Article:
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Apple Doubles Capacity of iPhone and iPod Touch
February 5, 2008
Thomas Mennecke
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One day, we'll all own MP3 players with infinite capacity. Until that time, however, the challenges of bigger, faster, and smaller, plague our portable devices. Have a 4 gig Nano? It sure would've been nice to have an 8 gig model. Did you just shell out $400 on a new 8 gig iPhone? That's too bad, because Apple announced today a new line of high capacity iPhone and iPod Touch.

The new iPhone has a capacity of 16 gigabytes, while the new iPod Touch has a 32 gigabyte capacity. Those are some impressive numbers, especially for a glorified phone. Let's put those numbers into perspective...

With a 16 gigs capacity, which likely equates to around 15 gigs of usable storage, the end user can store approximately 3 full size DVD movies (approximately 4.7 gigs each.) Alternatively, the end user can store 10 XviD movies, if each one was compressed to 1.5 gigabytes. If the end user wants to go old school with 750 meg XviD movies, then 20 full length movies can be accommodated by the iPhone. Now, these files still need to be converted into format the iPod/iPhone can accept. Although timeliness the process is considerable, the result is a much smaller file size. Those 20 XviD movies could easily become 30 or more.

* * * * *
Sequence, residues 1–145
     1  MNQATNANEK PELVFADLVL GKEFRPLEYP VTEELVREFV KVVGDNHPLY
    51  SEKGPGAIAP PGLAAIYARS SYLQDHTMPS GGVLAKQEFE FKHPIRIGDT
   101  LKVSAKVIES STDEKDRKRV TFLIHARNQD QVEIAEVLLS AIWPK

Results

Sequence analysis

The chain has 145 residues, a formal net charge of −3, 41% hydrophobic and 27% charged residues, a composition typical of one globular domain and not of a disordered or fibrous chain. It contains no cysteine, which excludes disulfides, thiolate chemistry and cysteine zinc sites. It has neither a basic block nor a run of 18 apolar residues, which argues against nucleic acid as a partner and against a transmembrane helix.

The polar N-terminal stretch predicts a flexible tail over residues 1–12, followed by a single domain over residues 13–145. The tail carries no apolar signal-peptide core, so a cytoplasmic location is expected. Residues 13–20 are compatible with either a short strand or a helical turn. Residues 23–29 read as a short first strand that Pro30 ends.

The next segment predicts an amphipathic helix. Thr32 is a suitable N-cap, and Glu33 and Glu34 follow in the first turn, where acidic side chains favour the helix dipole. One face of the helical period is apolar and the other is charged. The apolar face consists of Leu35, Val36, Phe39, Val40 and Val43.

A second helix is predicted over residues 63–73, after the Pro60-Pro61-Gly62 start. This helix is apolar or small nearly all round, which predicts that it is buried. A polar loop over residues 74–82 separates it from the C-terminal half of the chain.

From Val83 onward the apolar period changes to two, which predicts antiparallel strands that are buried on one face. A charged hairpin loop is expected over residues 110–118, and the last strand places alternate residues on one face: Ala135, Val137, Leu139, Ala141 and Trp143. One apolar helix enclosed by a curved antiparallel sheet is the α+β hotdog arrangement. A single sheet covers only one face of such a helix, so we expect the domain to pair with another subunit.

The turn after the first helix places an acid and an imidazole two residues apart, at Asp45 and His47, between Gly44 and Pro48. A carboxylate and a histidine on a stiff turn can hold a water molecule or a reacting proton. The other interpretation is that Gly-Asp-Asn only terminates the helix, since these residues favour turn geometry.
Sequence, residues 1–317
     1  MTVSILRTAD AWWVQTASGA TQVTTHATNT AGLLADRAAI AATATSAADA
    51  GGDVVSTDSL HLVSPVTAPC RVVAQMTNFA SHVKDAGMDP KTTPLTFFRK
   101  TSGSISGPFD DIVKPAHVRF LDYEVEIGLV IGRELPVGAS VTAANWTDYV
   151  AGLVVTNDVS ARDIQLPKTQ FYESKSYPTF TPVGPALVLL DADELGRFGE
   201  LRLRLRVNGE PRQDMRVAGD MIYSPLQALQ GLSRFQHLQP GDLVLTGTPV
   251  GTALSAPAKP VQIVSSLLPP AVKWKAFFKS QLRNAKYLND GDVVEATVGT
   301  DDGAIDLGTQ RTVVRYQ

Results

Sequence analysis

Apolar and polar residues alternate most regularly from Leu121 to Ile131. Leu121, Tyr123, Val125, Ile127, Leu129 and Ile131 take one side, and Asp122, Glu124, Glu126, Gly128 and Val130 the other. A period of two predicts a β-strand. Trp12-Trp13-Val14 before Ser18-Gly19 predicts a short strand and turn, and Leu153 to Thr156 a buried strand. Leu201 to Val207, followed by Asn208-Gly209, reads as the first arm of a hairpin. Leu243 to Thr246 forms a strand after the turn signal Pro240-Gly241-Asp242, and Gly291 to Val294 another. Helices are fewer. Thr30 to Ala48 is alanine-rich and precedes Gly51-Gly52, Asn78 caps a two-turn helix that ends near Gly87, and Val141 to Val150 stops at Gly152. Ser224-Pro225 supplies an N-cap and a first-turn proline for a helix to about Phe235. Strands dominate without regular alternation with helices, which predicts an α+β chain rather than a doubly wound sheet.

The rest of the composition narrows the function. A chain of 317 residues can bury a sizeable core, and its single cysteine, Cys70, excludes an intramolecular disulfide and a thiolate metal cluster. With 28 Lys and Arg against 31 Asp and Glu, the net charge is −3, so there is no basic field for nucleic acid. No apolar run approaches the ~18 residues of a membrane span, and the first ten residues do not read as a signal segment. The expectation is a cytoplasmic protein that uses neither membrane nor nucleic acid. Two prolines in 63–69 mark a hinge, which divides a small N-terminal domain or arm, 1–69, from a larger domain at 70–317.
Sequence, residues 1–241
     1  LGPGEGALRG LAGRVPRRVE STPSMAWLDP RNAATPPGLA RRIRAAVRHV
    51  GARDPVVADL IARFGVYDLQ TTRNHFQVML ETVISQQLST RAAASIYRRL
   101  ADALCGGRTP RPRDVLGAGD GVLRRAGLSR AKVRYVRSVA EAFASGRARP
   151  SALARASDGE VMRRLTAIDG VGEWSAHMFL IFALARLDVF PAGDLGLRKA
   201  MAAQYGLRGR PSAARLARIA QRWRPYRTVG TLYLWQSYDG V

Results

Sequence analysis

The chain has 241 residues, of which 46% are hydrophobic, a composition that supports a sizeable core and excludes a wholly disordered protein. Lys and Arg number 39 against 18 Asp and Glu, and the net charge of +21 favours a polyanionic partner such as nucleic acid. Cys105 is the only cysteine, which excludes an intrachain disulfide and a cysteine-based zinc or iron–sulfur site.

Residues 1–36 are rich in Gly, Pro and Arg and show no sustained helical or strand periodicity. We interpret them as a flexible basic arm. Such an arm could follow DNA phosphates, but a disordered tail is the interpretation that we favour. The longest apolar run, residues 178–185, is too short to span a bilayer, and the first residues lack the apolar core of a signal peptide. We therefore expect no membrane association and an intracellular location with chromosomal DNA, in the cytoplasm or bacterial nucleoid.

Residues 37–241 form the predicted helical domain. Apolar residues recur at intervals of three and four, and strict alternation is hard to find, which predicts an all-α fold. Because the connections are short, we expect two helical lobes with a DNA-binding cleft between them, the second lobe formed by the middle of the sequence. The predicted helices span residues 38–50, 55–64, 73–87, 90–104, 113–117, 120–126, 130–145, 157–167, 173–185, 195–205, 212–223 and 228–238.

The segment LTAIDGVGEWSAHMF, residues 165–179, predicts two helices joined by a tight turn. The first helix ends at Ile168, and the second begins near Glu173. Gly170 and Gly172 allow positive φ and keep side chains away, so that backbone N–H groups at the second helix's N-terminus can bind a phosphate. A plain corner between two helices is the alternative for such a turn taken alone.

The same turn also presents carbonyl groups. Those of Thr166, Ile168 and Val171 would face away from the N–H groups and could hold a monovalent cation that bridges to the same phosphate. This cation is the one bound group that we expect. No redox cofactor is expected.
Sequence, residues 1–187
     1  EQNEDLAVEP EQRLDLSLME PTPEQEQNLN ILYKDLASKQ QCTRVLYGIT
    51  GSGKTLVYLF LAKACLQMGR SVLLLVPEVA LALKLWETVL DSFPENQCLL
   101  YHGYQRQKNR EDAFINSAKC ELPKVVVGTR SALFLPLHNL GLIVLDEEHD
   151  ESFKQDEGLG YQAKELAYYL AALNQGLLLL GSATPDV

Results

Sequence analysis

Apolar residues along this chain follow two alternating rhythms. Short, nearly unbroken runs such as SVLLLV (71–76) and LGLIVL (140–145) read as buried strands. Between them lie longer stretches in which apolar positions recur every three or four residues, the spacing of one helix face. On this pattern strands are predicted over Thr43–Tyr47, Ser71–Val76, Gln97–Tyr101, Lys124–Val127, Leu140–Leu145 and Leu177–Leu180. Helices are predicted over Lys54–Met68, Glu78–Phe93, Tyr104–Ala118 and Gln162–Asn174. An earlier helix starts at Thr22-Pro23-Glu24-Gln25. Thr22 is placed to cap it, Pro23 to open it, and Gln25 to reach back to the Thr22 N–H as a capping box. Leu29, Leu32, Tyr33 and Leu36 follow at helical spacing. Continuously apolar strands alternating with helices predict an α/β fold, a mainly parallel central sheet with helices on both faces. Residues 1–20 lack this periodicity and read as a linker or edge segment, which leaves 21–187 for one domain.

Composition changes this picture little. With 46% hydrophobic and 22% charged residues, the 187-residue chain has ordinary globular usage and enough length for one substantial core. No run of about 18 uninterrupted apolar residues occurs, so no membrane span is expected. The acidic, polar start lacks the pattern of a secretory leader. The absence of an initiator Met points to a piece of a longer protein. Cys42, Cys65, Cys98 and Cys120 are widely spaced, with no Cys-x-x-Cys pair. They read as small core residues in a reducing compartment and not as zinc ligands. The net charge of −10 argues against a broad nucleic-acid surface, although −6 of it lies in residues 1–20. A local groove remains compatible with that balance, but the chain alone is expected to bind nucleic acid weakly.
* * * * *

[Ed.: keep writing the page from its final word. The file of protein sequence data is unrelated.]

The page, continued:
Just double those numbers if the 32 gig iPod Touch is your preference.

If music is more your thing, the iPhone at 16 gigabytes can probably store even the most aggressive music collection. Most MP3s available online generally range between 5-10 megabytes. Spitting the difference at 7.5 megabytes give the iPhone the capacity to accommodate 2,133 songs. If that's a bit too small and need more MP3 capacity than you ever thought possible, the new Touch will store over 4,000 songs.

While these numbers may seem staggeringly unnecessary, a point to remember is there is never enough capacity. With the growth and ubiquity of broadband, file sizes are marching upward. Only 3 years ago, the most common file size for a movie was approximately 750 megabytes. Today, 1.5 gigabytes has become the standard. Music file sizes are also creeping upwards, and it's interesting to see that Apple recognizes this - considering iTunes file sizes remain stagnant.

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Technology News :: Hardware

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